Magiorakos AP et al. 2012. Multidrug-resistant, extensively drug-resistant and pandrug-resistant bacteria: an international expert proposal for interim standard definitions for acquired resistance. Clin Microbiol Infect 18: 268281.

    • Search Google Scholar
    • Export Citation
  • 13.

    Poirel L, Walsh TR, Cuvillier V, Nordmann P, 2011. Multiplex PCR for detection of acquired carbapenemase genes. Diagn Microbiol Infect Dis 70: 119123.

    • Search Google Scholar
    • Export Citation
  • 14.

    Ellington MJ, Kistler J, Livermore DM, Woodford N, 2007. Multiplex PCR for rapid detection of genes encoding acquired metallo-beta-lactamases. J Antimicrob Chemother 59: 321322.

    • Search Google Scholar
    • Export Citation
  • 15.

    Gonzalez-Villoria AM, Valverde-Garduno V, 2016. Antibiotic-resistant Acinetobacter baumannii increasing success remains a challenge as a nosocomial pathogen. J Pathog 2016: 7318075.

    • Search Google Scholar
    • Export Citation
  • 16.

    Peleg AY, Seifert H, Paterson DL, 2008. Acinetobacter baumannii: emergence of a successful pathogen. Clin Microbiol Rev 21: 538582.

  • 17.

    Higgins PG, Dammhayn C, Hackel M, Seifert H, 2010. Global spread of carbapenem-resistant Acinetobacter baumannii. J Antimicrob Chemother 65: 233238.

    • Search Google Scholar
    • Export Citation
  • 18.

    Bonomo RA, Szabo D, 2006. Mechanisms of multidrug resistance in Acinetobacter species and Pseudomonas aeruginosa. Clin Infect Dis 43: S49S56.

    • Search Google Scholar
    • Export Citation
  • 19.

    Bontron S, Nordmann P, Poirel L, 2016. Transposition of Tn125 encoding the NDM-1 carbapenemase in Acinetobacter baumannii. Antimicrob Agents Chemother 60: 72457251.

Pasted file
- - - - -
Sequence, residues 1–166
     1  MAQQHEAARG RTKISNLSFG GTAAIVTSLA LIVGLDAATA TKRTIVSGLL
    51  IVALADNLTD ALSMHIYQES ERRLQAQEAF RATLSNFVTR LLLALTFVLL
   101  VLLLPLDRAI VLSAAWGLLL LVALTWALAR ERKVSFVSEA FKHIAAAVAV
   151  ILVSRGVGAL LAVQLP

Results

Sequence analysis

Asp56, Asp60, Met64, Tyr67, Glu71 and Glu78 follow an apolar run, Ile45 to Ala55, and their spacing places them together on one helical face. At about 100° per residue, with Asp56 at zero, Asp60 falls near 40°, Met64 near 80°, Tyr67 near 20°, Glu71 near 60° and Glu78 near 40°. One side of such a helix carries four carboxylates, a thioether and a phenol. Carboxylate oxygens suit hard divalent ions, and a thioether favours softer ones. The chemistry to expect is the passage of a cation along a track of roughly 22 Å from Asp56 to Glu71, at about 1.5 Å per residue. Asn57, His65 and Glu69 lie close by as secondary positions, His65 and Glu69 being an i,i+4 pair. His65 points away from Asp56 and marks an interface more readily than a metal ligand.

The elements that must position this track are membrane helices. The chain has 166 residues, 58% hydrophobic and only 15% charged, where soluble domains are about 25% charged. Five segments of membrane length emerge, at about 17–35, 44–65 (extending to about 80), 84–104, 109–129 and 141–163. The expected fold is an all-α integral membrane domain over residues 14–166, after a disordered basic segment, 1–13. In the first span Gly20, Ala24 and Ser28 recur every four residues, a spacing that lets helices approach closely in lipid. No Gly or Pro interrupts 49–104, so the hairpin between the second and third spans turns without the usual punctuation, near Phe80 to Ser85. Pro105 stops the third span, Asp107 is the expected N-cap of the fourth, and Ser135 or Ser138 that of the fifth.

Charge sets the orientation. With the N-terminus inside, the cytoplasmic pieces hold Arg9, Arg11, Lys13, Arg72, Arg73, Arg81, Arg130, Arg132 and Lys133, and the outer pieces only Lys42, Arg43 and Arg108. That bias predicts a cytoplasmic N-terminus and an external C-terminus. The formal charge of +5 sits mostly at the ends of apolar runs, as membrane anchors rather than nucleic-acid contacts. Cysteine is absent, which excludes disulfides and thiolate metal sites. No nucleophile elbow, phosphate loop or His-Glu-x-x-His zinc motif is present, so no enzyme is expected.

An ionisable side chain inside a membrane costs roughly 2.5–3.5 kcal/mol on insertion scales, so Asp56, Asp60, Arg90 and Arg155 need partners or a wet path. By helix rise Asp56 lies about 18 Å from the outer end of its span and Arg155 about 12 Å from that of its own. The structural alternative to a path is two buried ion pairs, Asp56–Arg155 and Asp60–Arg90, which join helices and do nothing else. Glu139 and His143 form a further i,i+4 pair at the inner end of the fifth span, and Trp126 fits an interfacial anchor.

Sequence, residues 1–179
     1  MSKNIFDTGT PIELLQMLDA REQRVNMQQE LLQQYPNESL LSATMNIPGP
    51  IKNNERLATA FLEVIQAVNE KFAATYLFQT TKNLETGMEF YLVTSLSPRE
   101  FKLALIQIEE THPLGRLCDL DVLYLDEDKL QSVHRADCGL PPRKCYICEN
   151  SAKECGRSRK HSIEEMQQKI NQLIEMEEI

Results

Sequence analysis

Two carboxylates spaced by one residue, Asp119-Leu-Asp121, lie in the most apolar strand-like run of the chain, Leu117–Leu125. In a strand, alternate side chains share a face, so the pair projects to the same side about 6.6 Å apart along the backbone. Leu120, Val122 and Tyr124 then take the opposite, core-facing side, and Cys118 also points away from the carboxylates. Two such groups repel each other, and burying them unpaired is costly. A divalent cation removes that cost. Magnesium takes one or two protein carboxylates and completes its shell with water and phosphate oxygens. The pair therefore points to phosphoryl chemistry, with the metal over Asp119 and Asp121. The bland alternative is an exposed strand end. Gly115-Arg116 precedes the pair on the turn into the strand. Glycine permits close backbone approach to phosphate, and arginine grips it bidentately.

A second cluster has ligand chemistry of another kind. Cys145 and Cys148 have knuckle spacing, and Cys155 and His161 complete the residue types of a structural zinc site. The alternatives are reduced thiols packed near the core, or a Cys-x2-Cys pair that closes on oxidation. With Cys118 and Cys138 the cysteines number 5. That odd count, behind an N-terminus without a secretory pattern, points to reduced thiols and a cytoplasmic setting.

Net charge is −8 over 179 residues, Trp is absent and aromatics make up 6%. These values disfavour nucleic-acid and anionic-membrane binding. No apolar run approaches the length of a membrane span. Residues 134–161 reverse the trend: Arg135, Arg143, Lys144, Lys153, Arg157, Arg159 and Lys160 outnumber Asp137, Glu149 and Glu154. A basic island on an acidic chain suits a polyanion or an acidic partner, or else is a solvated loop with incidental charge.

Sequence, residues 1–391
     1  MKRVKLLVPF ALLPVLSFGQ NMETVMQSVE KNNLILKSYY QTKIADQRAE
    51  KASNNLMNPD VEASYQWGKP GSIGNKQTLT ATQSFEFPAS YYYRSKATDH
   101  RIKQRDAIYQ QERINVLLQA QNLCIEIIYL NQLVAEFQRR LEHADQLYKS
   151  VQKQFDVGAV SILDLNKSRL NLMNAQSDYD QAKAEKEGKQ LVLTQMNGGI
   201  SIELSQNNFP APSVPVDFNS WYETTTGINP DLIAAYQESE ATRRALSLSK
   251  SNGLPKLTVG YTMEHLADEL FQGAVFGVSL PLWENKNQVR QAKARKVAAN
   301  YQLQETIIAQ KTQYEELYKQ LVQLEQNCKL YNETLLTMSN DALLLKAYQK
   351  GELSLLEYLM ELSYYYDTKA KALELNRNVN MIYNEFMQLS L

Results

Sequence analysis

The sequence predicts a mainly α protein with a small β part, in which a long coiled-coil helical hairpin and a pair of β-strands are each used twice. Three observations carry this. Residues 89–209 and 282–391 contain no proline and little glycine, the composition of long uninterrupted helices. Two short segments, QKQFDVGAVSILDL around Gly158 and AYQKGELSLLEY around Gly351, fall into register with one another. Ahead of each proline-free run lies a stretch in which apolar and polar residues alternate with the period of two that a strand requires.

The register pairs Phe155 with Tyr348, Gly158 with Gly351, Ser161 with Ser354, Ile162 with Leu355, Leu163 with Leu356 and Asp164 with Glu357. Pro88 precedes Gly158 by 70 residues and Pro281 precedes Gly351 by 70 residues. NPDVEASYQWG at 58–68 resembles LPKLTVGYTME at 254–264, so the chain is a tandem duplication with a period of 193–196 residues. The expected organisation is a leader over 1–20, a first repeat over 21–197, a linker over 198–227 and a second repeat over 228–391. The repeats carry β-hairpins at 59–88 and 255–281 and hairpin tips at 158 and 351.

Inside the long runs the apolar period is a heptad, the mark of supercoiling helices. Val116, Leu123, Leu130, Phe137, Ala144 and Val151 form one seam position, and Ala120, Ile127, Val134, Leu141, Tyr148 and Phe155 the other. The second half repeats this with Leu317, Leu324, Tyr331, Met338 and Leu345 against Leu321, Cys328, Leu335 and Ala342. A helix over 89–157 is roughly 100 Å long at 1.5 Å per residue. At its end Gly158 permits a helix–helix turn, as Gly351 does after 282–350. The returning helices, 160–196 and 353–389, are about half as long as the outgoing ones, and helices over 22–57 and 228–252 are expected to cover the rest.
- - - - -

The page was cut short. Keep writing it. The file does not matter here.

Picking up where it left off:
• Search Google Scholar
    • Export Citation
  • 20.

    Bonnin RA, Poirel L, Naas T, Pirs M, Seme K, Schrenzel J, Nordmann P, 2012. Dissemination of New Delhi metallo-β-lactamase-1-producing Acinetobacter baumannii in Europe. Clin Microbiol Infect 18: E362E365.

    • Search Google Scholar
    • Export Citation

Author Notes

Address correspondence to Claudio Rocha, Universidad Autonoma de Barcelona, Barcelona, Spain, E-mail: claudiorochacalderon@gmail.com or James Regeimbal, Hospital Naval, Av. Venezuela cuadra 36 S/N, Bellavista, Callao, Peru, E-mail: james.m.regeimbal.mil@mail.mil.

Disclosure: Claudio Rocha was an employee of the U.S. government during the conduct of this study. This work was prepared as part of his official duties. Title 17 U.S.C. § 105 provides that “Copyright protection under this title is not available for any work of the United States Government.” Title 17 U.S.C. § 101 defines a U.S. government work as a work prepared by a military service member or employee of the U.S. government as part of that person’s official duties. The views expressed in this article are those of the author and do not necessarily reflect the official policy or position of the Department of the Navy, Department of Defense, nor the U.S. government.

Authors’ addresses: Claudio Rocha, Manuela Bernal, Enrique Canal, Paul Rios, Rina Meza, Miguel Lopez, Rosa Burga, Ricardo Abadie, Melita Pizango, James Regeimbal, and Andrea McCoy, U. S. Naval Medical Research Unit No 6, Lima, Peru, E-mails: claudiorochacalderon@gmail.com, manuela.m.bernal.ln@mail.mil, enriquecanal@hotmail.com, paul.a.rios12.ln@mail.mil, rina.a.meza2.fn@mail.mil, miguelogz2010@hotmail.com, rosaburga@gmail.com, reabadies@gmail.com, melepiflo@gmail.com, james.m.regeimbal.mil@mail.mil, and andrea.j.mccoy.mil@mail.mil. Elia Diaz and Alexander Briones, Hospital Regional de Loreto, Loreto, Peru, E-mails: elydid160@gmail.com and alexander.brionesalejos@gmail.com. Cesar Ramal-Asayag, Hospital Regional de Loreto, and Universidad Nacional de la Amazonia Peruana, Loreto, Peru, E-mail: ramalasayag@yahoo.fr. William Vicente, Instituto Nacional de Enfermedades Neoplasicas, Lima, Peru, E-mail: wvicente@blufsteinlab.com.